Putin Says Russian Covid-19 Vaccine Ready To Go January 1, 2021, Though Phase III Just Beginning
The Russians apparently have won the race for the first approval of a vaccine against the SARS-CoV-2 virus. Vladimir Putin said on Tuesday that the country registered its vaccine and that after passing phase trials for emergency use it will be made available by January 1, 2021 for regular patients if all goes well in final tests.
“It works quite effectively, it forms a stable immunity and, I repeat, has passed all the necessary checks,” Putin said.
The vaccine will not be mandatory. Putin named it Sputnik V, an appropriately named drug seeing how the original Sputnik was the name of the rocket that started the space race and put Russians in space before anyone else.
Some skeptics doubt that Russia will be able to role out the vaccine in large quantities by year’s end, and others have said that the phase III trial results need to be looked at closely when completed before they can trust the claims being made by Russian labs. Trials are starting this week and is approved for emergency use only at this time. If phase III fails, then it’s back to the drawing board.
Russian stocks barely moved on the news, but the VanEck Russia (RSX) exchange traded fund was still up 0.9%, beating the MSCI Emerging Markets Index.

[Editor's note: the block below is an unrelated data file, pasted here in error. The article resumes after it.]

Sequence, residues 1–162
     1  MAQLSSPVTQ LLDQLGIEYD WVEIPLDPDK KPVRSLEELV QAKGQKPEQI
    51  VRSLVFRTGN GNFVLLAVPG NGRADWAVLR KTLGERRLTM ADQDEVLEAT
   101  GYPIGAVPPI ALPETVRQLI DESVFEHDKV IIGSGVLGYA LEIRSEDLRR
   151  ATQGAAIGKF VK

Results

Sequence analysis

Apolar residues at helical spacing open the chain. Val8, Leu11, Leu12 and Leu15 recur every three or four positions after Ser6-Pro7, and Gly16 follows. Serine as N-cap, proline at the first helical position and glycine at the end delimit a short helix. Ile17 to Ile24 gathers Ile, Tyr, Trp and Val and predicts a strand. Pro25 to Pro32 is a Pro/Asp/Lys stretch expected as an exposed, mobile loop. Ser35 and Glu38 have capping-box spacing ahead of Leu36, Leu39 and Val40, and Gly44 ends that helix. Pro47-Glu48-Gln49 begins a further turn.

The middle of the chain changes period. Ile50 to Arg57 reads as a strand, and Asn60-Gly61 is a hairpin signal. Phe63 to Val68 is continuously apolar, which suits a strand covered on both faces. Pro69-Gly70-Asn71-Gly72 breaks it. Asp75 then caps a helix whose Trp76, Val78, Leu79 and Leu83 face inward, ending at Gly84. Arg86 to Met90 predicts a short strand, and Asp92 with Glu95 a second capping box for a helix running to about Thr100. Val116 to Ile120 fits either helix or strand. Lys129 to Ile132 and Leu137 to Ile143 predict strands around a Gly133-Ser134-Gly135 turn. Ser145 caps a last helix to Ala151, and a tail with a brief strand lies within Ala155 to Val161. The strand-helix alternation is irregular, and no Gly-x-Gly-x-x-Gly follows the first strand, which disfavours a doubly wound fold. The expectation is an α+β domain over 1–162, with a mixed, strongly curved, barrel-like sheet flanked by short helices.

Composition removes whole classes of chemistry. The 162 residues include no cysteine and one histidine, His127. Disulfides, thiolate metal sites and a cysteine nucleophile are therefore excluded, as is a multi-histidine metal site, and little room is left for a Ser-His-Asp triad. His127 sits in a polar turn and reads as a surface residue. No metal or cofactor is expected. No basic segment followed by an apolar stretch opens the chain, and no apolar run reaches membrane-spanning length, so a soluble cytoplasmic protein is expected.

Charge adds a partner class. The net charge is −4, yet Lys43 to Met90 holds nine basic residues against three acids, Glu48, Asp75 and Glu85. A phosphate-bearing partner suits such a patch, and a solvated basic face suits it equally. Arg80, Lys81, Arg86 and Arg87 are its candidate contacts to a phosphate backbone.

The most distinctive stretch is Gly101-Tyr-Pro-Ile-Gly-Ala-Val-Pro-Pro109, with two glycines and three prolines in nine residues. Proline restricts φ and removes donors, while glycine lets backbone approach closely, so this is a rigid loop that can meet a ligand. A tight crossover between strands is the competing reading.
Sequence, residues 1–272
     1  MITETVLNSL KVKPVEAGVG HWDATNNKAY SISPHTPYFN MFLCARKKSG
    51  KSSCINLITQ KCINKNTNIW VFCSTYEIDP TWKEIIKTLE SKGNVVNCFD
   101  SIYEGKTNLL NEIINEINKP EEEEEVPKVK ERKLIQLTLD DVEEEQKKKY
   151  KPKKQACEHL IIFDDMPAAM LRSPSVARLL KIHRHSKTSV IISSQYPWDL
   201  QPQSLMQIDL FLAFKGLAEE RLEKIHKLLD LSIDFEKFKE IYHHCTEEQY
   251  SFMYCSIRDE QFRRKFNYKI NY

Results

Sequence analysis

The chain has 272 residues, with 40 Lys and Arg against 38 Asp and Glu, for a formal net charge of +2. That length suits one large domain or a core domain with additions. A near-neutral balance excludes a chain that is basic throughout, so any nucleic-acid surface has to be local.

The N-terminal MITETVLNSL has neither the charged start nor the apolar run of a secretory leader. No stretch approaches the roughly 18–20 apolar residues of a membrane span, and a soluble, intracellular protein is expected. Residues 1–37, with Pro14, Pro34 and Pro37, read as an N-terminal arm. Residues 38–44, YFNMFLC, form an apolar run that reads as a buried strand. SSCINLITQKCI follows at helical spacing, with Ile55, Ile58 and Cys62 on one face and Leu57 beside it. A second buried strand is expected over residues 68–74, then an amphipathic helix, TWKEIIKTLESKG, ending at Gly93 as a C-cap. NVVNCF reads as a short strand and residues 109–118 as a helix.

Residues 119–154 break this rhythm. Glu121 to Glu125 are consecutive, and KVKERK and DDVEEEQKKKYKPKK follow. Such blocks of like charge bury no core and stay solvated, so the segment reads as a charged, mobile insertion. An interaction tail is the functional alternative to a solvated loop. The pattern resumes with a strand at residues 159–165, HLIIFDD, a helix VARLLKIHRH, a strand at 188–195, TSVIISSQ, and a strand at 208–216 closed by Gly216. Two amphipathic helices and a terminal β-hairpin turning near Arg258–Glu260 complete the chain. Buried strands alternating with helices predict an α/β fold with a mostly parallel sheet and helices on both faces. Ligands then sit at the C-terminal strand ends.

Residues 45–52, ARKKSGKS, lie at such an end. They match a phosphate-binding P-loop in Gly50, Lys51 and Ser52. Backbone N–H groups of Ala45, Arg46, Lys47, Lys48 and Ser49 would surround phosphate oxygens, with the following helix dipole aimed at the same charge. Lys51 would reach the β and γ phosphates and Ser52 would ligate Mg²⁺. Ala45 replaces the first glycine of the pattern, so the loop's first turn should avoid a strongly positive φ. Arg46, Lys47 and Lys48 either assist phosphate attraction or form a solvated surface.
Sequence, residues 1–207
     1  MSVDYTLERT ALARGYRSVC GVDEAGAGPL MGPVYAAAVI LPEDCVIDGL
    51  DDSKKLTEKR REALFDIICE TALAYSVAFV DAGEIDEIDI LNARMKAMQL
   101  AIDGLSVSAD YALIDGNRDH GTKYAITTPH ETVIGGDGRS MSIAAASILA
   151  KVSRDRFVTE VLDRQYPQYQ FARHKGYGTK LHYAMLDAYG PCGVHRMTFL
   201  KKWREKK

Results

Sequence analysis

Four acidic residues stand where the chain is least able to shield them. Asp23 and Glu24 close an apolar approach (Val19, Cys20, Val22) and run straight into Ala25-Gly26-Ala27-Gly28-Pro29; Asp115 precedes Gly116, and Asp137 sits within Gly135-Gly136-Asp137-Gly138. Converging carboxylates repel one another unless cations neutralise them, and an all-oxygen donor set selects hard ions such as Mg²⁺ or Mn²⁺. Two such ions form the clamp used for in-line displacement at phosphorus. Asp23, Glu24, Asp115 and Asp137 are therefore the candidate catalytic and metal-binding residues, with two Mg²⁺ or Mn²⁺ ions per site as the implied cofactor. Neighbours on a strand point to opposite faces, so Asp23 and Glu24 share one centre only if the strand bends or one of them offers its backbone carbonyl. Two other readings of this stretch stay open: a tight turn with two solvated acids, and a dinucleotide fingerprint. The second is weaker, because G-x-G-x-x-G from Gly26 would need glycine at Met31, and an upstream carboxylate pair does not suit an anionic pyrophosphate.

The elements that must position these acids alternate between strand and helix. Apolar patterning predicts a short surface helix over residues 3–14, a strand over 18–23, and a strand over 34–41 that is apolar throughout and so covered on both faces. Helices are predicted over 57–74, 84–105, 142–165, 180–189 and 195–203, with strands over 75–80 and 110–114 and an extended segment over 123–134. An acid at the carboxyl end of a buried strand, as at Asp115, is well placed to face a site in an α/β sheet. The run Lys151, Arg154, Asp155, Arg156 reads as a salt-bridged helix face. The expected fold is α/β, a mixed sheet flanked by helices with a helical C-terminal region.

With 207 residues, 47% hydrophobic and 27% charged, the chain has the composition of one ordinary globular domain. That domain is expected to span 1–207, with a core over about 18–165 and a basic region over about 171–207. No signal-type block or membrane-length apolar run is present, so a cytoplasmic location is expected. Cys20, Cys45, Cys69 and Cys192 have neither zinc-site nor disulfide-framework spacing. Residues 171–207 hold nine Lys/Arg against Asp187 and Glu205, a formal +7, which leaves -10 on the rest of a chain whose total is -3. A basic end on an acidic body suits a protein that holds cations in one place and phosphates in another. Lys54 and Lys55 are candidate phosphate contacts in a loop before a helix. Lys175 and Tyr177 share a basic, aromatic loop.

Russia was the fourth hardest hit country by the new SARS, trailing India, Brazil and the U.S. at No. 1.
The vaccine was made by the Gamaleya Institute of Epidemiology and Microbiology in Moscow and is based on an already existing vaccine platform that was approved for fighting Ebola as early as 2015 and another vaccine for MERS.
The Russian Health Minister, Mikhail Murashko, said a phased application of the vaccine will begin next year, with vaccination of those working with infected persons to take place sooner. Immunity from two shots of the vaccine lasts up to two years, according to the Health Ministry.
New drugs are approved much faster in Russia than they are in the U.S. Eventually, the Russian drug application will be reviewed by the Food and Drug Administration and either be allowed here or not.
Russians were accused last month of stealing formulas for coronavirus vaccines. The government roundly denied those accusations.